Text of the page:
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Monday, November 29, 2021

by Ian Harvey

Last week saw the stock market direction with undertones of bearishness with the Dow Jones Average falling 2%, the S&P 500 Index losing 2.2% and the Nasdaq Composite down 3.5% for the week.

On Friday alone, the Dow Jones Average fell 2.5%, the S&P 500 Index last 2.3% and the Nasdaq Composite was down 2.2% on the day.

The Friday selloff was sparked by a new, potentially more vaccine-resistant Covid-19 variant which was found in South Africa. This created a massive selloff -- especially in the travel sector -- as investors flocked to safety.

This was the worst day for the Dow in 2021, and has now suffered its third-straight weekly loss.

The stock market direction for the future, after the market selloff and the commensurate flight to assets that investors hope will perform better amid fresh mobility restrictions, helped to overshadow the usual focus on retail, on a day associated with heavy consumer spending ahead of the Christmas holiday.

Friday’s downturn also offered a crystal clear reminder that the path of the market and economy hinges on the course of COVID.

What isn’t clear is whether the latest coronavirus development will do lasting harm to the complexion of the market. Omicron comes at a fragile time for optimistic investors, with bears pointing to.....

  • lofty stock market valuations,
  • inflation worries and
  • global economic growth concerns..... reasons to expect a drawdown in equities that have managed to avoid a decline from a peak of more than 5%.

In theory, Friday’s post-Thanksgiving environment is traditionally lightly traded and therefore more susceptible to outsize price swings.

This was the worst day for the Dow in 2021, and has now suffered its third-straight weekly loss offering a sign as to the future of the stock market direction.

Meanwhile, the stock market's "fear gauge," or Cboe Market Volatility Index (VIX), marked its highest close since Feb. 25 and best week since February 2020.

Some analysts say that there are legitimate reasons for unease as to the stock market direction.....

  • “The fact that this variant seems to be spreading much faster than previous versions (including the Delta variant) bears very careful monitoring,” wrote Michael Strobaek, global chief investment officer at Credit Suisse, in a research note.
  • Analyst at Jefferies led by analyst Sean Darby note that risk-appetite was already edging lower before Black Friday and the selloff may have been a “tipping point” in favor of caution and risk moderation.
  • Analysts at Citigroup also said that “we would buy into any dip,” noting that its bearish checklist doesn’t indicate significant red flags. “Valuations look stretched, but other factors (credit spreads, fund flows) are not yet especially extended,” Citi writes.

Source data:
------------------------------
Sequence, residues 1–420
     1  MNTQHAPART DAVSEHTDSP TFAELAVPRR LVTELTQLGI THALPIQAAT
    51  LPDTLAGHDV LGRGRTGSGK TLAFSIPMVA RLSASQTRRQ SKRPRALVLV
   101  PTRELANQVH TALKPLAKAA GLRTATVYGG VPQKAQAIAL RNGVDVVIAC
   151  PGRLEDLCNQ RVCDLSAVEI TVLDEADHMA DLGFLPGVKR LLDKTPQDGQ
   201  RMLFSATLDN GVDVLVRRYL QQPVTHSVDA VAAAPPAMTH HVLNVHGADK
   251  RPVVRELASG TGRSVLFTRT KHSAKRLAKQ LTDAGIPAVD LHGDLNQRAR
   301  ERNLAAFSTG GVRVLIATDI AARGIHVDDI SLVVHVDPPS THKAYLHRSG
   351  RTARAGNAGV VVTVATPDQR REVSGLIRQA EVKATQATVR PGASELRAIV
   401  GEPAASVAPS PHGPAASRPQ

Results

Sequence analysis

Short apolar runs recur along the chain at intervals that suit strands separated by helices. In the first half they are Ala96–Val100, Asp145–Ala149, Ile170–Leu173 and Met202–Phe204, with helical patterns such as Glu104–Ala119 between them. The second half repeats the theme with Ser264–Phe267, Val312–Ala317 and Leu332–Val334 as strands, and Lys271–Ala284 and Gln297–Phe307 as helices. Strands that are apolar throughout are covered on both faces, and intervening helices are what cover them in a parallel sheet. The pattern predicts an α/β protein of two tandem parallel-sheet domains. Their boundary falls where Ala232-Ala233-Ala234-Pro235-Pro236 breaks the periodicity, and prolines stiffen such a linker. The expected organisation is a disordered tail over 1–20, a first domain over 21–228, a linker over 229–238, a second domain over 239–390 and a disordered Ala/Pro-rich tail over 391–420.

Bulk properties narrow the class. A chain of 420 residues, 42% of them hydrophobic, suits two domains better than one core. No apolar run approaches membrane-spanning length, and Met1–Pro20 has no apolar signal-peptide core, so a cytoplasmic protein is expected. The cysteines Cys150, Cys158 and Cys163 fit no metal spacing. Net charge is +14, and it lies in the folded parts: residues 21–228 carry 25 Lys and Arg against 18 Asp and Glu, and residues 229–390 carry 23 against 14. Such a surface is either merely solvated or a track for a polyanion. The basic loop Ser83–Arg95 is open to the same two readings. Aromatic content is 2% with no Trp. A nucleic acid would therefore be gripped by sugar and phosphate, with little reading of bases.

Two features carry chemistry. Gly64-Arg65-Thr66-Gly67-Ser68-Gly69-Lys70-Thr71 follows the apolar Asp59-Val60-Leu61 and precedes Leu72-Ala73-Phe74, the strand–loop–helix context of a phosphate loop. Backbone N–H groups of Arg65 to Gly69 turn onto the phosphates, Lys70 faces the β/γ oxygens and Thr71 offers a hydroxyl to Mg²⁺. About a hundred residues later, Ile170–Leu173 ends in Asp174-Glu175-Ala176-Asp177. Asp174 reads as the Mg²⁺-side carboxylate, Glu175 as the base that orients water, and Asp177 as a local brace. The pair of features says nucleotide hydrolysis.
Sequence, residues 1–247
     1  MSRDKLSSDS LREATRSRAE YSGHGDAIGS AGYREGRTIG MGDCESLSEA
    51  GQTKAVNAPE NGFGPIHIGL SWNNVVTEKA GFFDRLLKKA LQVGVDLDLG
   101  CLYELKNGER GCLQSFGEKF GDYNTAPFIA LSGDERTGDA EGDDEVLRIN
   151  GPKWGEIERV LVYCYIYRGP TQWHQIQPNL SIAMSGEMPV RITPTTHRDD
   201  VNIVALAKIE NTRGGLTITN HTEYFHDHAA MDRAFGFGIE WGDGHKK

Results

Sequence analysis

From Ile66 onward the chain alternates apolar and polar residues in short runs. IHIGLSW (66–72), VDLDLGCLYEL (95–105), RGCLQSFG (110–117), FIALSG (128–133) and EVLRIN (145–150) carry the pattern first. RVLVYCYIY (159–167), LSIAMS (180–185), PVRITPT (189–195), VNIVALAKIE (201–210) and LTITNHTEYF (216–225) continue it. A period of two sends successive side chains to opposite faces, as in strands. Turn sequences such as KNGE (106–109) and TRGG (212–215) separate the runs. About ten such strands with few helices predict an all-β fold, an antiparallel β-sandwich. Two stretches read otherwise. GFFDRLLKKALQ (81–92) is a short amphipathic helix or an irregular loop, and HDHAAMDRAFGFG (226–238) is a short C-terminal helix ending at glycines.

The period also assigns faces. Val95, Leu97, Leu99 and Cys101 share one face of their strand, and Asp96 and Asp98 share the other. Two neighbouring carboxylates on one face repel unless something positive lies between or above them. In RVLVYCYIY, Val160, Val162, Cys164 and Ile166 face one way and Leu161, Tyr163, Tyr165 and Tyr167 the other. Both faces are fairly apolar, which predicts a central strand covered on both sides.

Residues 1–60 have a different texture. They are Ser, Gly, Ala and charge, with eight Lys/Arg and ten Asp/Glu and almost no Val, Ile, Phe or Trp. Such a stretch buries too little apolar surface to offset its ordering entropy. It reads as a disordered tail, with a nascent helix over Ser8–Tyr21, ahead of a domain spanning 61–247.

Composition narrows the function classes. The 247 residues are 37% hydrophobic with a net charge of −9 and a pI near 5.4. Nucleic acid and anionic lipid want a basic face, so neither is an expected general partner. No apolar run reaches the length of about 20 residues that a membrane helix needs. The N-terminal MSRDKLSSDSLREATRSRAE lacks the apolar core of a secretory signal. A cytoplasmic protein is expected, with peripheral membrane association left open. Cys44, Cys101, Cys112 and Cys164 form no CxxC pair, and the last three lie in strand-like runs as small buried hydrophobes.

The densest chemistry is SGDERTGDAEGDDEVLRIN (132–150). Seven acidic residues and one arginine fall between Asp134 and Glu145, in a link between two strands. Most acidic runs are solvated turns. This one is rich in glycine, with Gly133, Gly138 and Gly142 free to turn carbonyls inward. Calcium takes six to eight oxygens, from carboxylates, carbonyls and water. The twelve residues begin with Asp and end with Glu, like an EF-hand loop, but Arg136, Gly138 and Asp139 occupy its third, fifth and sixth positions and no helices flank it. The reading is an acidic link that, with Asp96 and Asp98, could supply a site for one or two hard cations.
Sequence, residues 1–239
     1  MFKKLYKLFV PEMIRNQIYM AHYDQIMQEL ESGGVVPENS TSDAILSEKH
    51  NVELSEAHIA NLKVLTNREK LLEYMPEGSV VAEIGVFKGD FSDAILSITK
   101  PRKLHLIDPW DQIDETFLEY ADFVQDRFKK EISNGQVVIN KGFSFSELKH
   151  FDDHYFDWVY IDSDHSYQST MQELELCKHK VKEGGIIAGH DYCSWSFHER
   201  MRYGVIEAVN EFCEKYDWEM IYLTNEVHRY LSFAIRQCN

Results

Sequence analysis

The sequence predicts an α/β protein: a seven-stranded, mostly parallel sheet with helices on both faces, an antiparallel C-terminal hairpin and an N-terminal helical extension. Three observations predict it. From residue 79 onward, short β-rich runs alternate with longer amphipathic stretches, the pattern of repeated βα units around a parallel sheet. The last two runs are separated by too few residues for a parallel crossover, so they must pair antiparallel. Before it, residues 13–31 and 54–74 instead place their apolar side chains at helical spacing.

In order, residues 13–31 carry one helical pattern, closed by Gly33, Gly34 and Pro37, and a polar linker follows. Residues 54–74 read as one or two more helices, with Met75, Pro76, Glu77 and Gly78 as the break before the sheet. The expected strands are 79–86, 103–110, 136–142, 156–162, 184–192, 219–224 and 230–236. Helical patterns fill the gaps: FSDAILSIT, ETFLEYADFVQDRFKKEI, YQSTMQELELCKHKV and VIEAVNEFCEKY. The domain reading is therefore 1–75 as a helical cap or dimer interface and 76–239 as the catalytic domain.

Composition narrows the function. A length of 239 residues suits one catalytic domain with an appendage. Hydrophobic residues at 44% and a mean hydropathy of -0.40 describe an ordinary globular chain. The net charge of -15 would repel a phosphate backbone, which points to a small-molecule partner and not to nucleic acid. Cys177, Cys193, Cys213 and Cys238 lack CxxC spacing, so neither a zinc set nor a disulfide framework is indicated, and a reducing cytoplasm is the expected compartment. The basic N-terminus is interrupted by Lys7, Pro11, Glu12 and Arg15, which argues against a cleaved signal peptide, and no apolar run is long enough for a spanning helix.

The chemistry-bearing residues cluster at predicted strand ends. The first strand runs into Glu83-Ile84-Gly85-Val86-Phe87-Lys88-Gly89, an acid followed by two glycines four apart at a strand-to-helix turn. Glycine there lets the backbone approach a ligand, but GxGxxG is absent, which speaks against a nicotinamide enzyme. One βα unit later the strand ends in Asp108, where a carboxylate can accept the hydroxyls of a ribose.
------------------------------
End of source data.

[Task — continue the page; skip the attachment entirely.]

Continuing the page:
• Greg Bassuk, CEO at AXS Investments in Port Chester, NY says that the end-of-week selling may have resulted in a Black Friday sale for stock-market investors.

So, does this mean the end of the longest, in stock market history, “BULL” market that has basically been running since 2009?

After plunging as a result of the 2008 financial crisis, the S&P 500 bottomed out in March 2009 and then proceeded to climb until early 2020 when the COVID-19 pandemic sent stocks crashing.

Trading on Monday will help determine whether bullishness persists or if a bearish phase is crystallizing.

So, what do you think is the stock market direction for the future?

CLICK HERE to have your say!

(All appropriate comments will be added to this article)

understanding stock market direction

Usually, a bull market marks a 20% rise in stock prices, which follows a previous 20% decline and is followed by another 20% decline.

There are several things that tend to accompany a bull market……

  • they generally happen during periods when the economy is strong or strengthening,
  • are often accompanied by gross domestic product (GDP) growth and falling unemployment,
  • companies' profits will be on the rise,
  • there is rising investor confidence, and
  • there is a tendency to see higher levels of initial public offering, or IPO, activity in bull markets.

Obviously, the opposite of a “bull market” is a “BEAR MARKET.”

A bear market is typically defined as stocks falling by 20% or more from a recent peak. Bear markets are often accompanied by…..

  • recessions,
  • falling investor confidence, and
  • declines in corporate profits.

So, what is the stock market direction for the coming week?

CLICK HERE to have your say!


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